The University of Louisiana at Lafayette is a step closer to offering its computing students the option to continue their studies and earn a master’s degree in informatics.

The university’s management board — the University of Louisiana System Board Of Supervisors — approved the proposal, which now awaits final approval from the Louisiana Board of Regents.

The program meets the demand of both students and the workforce as south Louisiana has attracted technology companies, said Michael Totaro, associate professor and former acting director of the university's School of Computing and Informatics.

A few years ago, the university revamped one of its undergraduate programs to offer a bachelor’s degree in informatics, and those students have asked for opportunities to advance their studies at the university, Totaro said.

Informatics is generally defined as the study of information technologies.

“Its timing is such that we’re leveraging the continued growth and strength of our new undergraduate (informatics) program,” Totaro said. “All along, students have continued to inquire about a potential master’s program. The demand is definitely there.”

About 55 students have graduated from the undergraduate informatics program, he said. If approved by the Board of Regents, Totaro said, it would take a year of planning before the program would start enrolling graduate students.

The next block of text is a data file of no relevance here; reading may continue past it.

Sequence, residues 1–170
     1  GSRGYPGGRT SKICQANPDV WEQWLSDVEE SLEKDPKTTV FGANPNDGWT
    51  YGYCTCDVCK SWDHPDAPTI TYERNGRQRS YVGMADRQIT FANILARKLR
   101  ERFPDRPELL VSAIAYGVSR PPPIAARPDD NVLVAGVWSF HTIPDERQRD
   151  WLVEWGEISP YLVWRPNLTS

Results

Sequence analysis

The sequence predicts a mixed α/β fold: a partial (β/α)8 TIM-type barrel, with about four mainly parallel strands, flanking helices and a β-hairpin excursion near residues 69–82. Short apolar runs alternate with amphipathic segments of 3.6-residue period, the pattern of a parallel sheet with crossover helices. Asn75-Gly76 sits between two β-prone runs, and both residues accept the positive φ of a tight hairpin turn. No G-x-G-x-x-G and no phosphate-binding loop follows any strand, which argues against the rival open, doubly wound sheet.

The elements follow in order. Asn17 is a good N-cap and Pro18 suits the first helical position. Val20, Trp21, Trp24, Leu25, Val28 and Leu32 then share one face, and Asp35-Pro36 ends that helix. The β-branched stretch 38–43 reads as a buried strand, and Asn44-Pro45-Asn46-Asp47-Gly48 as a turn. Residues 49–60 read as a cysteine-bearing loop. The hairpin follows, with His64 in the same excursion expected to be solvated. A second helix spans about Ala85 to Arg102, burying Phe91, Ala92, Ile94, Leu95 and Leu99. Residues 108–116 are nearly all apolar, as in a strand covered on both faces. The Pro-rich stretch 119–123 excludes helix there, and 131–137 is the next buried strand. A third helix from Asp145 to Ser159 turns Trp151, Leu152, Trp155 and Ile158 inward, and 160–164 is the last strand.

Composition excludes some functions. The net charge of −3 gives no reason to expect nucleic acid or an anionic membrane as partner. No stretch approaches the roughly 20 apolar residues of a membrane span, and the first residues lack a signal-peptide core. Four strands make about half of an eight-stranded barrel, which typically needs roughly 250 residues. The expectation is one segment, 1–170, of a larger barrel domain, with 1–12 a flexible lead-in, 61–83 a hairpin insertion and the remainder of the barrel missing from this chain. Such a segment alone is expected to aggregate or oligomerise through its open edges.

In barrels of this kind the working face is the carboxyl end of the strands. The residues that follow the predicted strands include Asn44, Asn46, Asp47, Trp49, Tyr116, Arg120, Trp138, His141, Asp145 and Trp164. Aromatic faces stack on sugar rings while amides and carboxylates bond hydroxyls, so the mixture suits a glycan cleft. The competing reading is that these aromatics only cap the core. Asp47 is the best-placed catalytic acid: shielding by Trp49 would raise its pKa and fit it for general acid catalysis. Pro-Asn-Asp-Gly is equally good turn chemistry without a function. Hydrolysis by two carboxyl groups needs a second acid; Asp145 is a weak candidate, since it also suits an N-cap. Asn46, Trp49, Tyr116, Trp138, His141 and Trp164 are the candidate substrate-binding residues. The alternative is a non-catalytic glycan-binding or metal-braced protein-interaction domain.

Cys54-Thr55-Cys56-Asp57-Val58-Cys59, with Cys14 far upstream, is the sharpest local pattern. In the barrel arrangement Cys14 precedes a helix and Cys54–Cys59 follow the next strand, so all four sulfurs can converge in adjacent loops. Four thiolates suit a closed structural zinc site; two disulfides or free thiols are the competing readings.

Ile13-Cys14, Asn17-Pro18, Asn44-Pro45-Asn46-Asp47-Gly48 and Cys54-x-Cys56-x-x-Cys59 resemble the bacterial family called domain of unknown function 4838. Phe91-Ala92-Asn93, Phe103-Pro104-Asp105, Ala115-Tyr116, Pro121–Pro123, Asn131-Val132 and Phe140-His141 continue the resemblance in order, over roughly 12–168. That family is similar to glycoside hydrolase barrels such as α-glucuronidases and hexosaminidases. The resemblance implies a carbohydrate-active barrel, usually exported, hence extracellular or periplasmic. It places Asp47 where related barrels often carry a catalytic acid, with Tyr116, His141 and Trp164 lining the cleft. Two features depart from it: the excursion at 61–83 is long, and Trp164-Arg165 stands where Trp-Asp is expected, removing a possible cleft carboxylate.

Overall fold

Lafayette has seen a growth in technology sector job opportunities, with companies like CGI and Enquero opening offices in the city. CGI is building its offices in UL-Lafayette’s Research Park but for now has set up a temporary location in downtown Lafayette.

“This program also supports and leverages the state’s strategic initiatives for workforce development in this area of technology,” Totaro said. “We made a case for how this program will contribute directly to the workforce needs of companies.”

In addition to CGI and Enquero, the university’s proposal cited several other tech companies that have located in Louisiana: a new IBM Technology Center in Baton Rouge, the headquarters expansion of CenturyLink in the Monroe area, and Perficient, a 245-job software development center planned for Lafayette.

In its proposal, the university estimated the program could enroll up to 10 graduate students within its first year and incrementally grow enrollment to 28 students within five years.

Editor's note: This story was updated on June 29, 2015, to correct Michael Totaro's title.

Follow Marsha Sills on Twitter, @Marsha_Sills.